Opposition forces in Venezuela on Friday delivered paperwork containing 3.4 million signatures gathered to support a referendum to cut short the term of President Hugo Chavez.
The Chavez opposition, all members of an umbrella group known as the Democratic Coordinator, delivered to the National Electoral Council (CNE) early Friday paperwork containing 3,467,050 signatures crammed into 250 boxes.
The paperwork was moved aboard two buses from an opposition center in Caracas, where the paperwork had been stored in vaults for safety purposes, to the downtown CNE offices.
The number of signatures is far more than the 2.4 million minimum required by the Constitution to force a referendum on removing an elected official -- in this case the president -- from power.
Volunteers delivered the boxes under police and military escort starting around sunrise.
"We came here to demand respect for the will of millions of Venezuelans," said Julio Borges, an opposition legislator, who was present when the signatures were delivered.
The opposition collected the signatures between Nov. 28 and Dec. 1. Chavez opponents did not deliver them until Friday because they feared the government would change the rules on how to verify the signatures.
The Electoral Council now has 30 days to check their validity, after which a referendum could be called a maximum 97 of days after the council's decision is recorded.
CNE vice president Ezequiel Zamora said the five-member board of directors would meet immediately to set guidelines to verify the signatures.
Chavez has said that he does not fear defeat in a recall referendum, but rather that a "megafraud" is being cooked to remove him from office, and that up to a third of the signatures are false.
The opposition also collected signatures aimed at ousting 27 legislators that support Chavez. Those signatures will be delivered on Tuesday.
Chavez supporters in turn collected signatures aimed at ousting 37 opposition legislators.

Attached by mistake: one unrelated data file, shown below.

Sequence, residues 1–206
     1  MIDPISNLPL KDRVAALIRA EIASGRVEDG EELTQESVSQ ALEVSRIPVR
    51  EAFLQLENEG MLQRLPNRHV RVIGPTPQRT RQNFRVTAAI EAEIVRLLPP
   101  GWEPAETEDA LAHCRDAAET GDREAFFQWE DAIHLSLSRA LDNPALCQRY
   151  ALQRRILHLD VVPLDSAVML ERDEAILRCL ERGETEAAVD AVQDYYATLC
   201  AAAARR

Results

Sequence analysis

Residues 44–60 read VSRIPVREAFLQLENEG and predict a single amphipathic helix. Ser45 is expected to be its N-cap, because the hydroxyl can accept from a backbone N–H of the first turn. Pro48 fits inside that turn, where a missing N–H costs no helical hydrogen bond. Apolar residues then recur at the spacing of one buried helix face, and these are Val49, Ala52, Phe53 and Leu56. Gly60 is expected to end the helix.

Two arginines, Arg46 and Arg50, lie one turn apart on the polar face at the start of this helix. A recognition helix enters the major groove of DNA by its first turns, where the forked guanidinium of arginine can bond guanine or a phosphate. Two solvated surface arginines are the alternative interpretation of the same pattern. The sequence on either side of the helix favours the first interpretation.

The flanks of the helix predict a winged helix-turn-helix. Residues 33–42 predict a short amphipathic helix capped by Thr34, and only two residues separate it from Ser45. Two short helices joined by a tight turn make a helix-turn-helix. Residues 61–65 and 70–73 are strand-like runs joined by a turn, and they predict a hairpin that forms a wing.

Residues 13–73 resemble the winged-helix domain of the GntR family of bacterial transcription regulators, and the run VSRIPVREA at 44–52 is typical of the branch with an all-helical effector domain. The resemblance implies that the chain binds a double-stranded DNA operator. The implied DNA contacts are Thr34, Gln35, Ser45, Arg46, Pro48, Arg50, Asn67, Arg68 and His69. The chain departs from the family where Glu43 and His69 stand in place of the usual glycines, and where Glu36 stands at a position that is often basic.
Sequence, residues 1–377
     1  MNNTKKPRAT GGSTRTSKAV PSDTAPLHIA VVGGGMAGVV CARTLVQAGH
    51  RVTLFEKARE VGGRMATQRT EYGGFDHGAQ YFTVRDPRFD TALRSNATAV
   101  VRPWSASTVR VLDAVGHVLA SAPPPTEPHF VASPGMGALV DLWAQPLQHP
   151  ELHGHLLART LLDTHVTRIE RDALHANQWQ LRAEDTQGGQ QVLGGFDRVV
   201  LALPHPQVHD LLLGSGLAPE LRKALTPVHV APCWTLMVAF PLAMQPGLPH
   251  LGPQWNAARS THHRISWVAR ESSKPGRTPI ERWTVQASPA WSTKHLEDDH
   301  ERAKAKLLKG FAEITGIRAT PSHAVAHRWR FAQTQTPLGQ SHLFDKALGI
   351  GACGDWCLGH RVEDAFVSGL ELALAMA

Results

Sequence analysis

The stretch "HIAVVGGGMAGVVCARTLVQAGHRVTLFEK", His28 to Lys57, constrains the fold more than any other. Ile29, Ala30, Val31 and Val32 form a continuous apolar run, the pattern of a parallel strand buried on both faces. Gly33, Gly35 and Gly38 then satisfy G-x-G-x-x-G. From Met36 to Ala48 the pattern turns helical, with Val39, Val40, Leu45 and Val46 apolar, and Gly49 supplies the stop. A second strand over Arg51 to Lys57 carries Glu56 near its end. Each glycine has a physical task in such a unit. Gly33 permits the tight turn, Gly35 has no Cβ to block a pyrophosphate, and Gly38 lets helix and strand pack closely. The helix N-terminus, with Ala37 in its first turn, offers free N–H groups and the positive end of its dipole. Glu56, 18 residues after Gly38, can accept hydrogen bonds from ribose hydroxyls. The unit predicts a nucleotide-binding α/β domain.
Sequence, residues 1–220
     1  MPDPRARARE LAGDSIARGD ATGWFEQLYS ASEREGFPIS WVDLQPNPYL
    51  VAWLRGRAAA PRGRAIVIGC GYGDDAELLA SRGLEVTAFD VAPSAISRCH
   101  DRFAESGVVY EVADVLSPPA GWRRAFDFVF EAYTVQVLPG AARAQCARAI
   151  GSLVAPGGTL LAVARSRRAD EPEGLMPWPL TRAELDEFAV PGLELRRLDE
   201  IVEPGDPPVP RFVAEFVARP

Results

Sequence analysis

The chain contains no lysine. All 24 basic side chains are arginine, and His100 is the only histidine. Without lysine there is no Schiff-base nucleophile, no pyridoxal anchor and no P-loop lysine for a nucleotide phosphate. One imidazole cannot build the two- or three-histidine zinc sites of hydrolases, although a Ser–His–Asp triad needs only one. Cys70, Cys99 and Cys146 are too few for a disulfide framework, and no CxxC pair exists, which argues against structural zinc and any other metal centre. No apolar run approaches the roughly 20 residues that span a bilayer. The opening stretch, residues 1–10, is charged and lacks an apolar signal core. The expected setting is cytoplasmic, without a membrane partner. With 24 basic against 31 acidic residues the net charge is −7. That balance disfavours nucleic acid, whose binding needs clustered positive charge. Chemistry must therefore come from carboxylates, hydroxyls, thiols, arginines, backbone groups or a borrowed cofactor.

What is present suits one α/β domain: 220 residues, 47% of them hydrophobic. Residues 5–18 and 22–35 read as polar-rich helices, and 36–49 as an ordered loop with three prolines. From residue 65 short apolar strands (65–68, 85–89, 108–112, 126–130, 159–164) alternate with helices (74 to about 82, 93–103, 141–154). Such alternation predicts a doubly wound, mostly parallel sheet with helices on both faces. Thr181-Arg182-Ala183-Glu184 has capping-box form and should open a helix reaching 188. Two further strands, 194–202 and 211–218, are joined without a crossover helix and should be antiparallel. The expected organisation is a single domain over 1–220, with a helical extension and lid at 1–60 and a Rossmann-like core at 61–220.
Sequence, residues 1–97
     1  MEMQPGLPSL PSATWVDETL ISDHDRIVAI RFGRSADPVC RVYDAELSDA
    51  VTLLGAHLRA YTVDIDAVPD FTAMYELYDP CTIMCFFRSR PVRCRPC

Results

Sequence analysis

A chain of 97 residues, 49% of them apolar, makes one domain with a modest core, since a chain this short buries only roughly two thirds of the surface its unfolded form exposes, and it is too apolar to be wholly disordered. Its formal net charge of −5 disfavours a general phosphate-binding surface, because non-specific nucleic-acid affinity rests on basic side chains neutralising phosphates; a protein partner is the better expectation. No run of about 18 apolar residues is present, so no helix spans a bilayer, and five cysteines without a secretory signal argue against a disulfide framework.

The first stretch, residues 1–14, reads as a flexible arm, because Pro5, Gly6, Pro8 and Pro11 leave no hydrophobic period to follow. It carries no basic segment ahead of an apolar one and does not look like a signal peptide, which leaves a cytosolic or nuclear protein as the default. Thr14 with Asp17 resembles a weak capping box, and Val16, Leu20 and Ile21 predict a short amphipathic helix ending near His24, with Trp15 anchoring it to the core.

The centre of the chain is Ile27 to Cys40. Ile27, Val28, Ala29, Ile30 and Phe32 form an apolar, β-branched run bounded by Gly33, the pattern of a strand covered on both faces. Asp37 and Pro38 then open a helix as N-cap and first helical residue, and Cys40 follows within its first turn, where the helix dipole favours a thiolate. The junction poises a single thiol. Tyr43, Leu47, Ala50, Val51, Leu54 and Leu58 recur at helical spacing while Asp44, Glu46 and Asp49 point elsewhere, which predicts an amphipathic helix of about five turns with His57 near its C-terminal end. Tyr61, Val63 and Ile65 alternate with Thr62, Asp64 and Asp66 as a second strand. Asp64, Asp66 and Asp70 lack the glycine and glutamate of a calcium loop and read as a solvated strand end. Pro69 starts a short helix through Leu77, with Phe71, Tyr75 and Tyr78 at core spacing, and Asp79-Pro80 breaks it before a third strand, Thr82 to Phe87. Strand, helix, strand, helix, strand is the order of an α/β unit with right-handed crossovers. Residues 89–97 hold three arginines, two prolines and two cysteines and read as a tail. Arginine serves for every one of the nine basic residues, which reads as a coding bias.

Meanwhile in Washington, State Department spokesman Adam Ereli said that US officials were pleased with the development.
"As a general comment, we would commend the peaceful, civil and orderly manner in which the signature-delivery process was conducted," Ereli said. "We think that this shows the Venezuelan people's continued efforts to resolve the country's political crisis are peaceful and constitutional and that they are using the instruments of democracy."
Ereli said that US officials are also "pleased" that observers from the Organization of American States and the Carter Center, run by former US president Jimmy Carter, are overseeing the process.
After five years in office, Chavez, a 49-year-old former lieutenant colonel, has already faced down general strikes -- one in 2001, and the other between late last year and early this year -- and survived a 47-hour civilian-military coup in mid-April last year.
Chavez earlier spent two years in prison in 1998 for his role in the failed February 1992 coup against then president Carlos Andres Perez.
Recent polls peg Chavez's popularity rating at around 40 percent, largely as a result of the popular support he enjoys among the country's poor, who make up some 60 percent of Venezuela's 25 million inhabitants.
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